Professional Team Members
A team of professionals will assist families in providing the care and services their child may need. The following information briefly explains their roles and responsibilities. Please note that many of these professionals may request your consent to view your child’s medical records in order to more efficiently address the needs of your child’s specific condition.
An audiologist is an expert in the prevention, identification, diagnosis, and evidence-based treatment of hearing, balance, and other auditory disorders for people of all ages. The audiologist will also tell you about hearing assistive technology (HAT) options appropriate for your child. They will fit, program, and maintain any chosen HAT.
Also known as an ear, nose, and throat (ENT) doctor, this medical professional performs surgeries and prescribes medication. Potential surgeries may correct structural problems in the ear, drain fluids, or insert the internal part of implants.
SLPs work to assess, diagnose, and treat speech, language development, social communication, cognitive communication, and swallowing disorders in children.
A teacher of the deaf receives specialized training to assess and provide educational services to students who are D/HH. They support general classroom teachers and your school team by providing teaching strategies, language development support, and identification of learning needs for students who are D/HH.
An educational interpreter is licensed by the Ohio Department of Education to facilitate communication between the hearing and deaf/hard of hearing participants who use sign language in pre-K-12 settings.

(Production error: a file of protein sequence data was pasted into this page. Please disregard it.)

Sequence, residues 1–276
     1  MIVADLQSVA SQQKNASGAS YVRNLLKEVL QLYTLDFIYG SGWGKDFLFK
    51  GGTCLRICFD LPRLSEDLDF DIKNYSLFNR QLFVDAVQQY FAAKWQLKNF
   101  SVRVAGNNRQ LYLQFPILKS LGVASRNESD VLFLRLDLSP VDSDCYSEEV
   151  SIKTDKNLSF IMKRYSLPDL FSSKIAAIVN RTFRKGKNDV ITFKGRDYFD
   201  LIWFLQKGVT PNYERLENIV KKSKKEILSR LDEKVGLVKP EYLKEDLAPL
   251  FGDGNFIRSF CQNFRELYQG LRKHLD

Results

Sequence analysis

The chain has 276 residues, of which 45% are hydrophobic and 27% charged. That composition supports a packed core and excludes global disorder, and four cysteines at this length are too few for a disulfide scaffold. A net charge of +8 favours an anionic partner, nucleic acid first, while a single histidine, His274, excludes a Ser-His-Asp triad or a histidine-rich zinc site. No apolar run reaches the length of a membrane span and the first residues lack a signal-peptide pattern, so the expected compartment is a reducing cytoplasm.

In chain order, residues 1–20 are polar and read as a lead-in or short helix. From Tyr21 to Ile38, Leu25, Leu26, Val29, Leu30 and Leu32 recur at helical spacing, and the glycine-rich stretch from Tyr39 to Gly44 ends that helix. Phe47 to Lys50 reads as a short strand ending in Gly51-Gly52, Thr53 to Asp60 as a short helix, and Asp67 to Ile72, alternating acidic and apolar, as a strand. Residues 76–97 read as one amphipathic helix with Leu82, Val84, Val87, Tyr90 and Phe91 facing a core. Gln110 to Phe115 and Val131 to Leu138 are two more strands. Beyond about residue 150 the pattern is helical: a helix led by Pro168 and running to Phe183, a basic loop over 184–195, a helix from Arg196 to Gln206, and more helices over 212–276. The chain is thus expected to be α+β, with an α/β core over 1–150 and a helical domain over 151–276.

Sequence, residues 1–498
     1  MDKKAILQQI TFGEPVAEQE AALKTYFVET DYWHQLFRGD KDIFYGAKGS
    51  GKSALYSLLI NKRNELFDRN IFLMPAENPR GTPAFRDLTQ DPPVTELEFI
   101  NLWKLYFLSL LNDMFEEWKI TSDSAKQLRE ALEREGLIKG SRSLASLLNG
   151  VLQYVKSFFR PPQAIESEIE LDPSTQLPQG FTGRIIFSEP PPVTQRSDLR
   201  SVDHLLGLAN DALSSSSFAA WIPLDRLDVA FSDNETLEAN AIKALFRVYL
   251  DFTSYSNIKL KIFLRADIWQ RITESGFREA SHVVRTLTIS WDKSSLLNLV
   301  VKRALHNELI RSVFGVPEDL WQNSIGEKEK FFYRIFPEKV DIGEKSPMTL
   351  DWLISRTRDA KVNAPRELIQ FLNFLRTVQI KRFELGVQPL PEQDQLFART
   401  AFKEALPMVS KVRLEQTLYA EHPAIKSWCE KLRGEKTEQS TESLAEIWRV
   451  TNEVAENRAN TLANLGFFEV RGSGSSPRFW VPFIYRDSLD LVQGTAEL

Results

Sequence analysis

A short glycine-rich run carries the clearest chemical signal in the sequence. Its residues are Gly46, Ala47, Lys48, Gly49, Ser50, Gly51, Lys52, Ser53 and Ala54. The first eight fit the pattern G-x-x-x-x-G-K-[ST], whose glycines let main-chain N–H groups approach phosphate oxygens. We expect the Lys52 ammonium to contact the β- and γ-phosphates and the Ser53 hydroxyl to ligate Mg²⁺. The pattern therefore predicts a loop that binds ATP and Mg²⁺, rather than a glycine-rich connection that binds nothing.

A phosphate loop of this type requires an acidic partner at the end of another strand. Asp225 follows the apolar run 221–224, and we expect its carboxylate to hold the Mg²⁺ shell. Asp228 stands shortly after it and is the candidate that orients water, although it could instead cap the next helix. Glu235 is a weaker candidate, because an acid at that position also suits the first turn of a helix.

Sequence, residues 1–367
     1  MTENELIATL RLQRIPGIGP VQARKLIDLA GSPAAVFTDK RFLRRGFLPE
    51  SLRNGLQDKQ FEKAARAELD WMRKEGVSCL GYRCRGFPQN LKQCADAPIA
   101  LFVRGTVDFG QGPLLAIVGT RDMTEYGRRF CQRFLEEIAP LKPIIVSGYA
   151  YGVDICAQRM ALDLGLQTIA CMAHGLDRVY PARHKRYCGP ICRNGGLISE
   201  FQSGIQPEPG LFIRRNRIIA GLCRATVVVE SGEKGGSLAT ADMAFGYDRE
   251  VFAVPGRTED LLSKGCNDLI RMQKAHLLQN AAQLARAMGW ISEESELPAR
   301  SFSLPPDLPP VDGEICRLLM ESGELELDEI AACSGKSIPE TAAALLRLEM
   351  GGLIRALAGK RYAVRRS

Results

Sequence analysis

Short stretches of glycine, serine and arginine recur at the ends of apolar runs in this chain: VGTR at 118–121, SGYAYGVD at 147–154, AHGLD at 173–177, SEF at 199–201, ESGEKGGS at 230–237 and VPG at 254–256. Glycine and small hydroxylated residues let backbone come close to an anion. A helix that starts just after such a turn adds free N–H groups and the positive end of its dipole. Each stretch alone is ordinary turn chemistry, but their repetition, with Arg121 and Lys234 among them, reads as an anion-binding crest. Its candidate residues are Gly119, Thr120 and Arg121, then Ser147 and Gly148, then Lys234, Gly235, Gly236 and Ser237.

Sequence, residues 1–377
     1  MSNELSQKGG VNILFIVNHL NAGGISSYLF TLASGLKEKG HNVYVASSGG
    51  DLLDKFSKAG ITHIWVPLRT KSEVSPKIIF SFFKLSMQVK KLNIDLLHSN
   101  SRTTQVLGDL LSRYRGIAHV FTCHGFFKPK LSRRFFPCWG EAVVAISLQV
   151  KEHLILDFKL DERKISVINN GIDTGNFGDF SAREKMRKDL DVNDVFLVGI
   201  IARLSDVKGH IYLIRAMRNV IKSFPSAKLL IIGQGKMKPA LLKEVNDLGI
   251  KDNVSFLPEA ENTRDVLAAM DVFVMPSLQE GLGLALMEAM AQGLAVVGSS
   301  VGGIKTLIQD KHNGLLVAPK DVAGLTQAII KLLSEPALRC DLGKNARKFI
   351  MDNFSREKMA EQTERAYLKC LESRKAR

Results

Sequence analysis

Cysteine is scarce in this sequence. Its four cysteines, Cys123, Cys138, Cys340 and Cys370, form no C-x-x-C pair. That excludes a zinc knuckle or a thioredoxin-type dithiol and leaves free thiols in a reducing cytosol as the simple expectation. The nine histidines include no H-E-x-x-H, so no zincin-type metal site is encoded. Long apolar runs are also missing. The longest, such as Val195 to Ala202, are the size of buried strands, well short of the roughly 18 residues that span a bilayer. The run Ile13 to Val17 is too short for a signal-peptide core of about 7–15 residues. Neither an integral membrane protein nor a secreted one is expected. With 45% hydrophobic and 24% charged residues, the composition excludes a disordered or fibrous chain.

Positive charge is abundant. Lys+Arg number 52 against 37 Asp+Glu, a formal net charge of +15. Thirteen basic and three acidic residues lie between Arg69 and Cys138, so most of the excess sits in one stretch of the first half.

A special education teacher is specifically trained to teach students with disabilities. They are knowledgeable about the general education curriculum, modified curricula, and intervention strategies to support instruction in academics and behavior.
A paraprofessional, also referred to as an aide or paraeducator, is in the classroom to provide direct, individualized educational support for all students under the supervision of a general classroom teacher. The role of the paraprofessional is to support the student as he or she learns to access educational information independently.
A school psychologist applies expertise in mental health, learning, and behavior, to help children and youth succeed academically, socially, behaviorally, and emotionally.
An occupational therapist assists students with the development of their fine-motor and sensory skills according to the students’ needs, inside or outside of class. Fine-motor skills refer to the movement of muscles used in a person’s fingers, hands, wrists, and arms.
A physical therapist (PT) assesses, diagnoses, restores, maintains, and enhances physical functions. They can assist children who are D/HH with balance difficulties, enhancing muscle strength, and executing gross motor movements.
The adaptive physical education teacher (APE) is a physical education teacher who knows how to develop modifications and adaptions so that your child can enjoy gym and acquire fitness safely.
The general education teacher knows the content of each learner’s special education program, and makes accommodations, modifications, or adaptations to provide access to educational content, instruction, and assessments.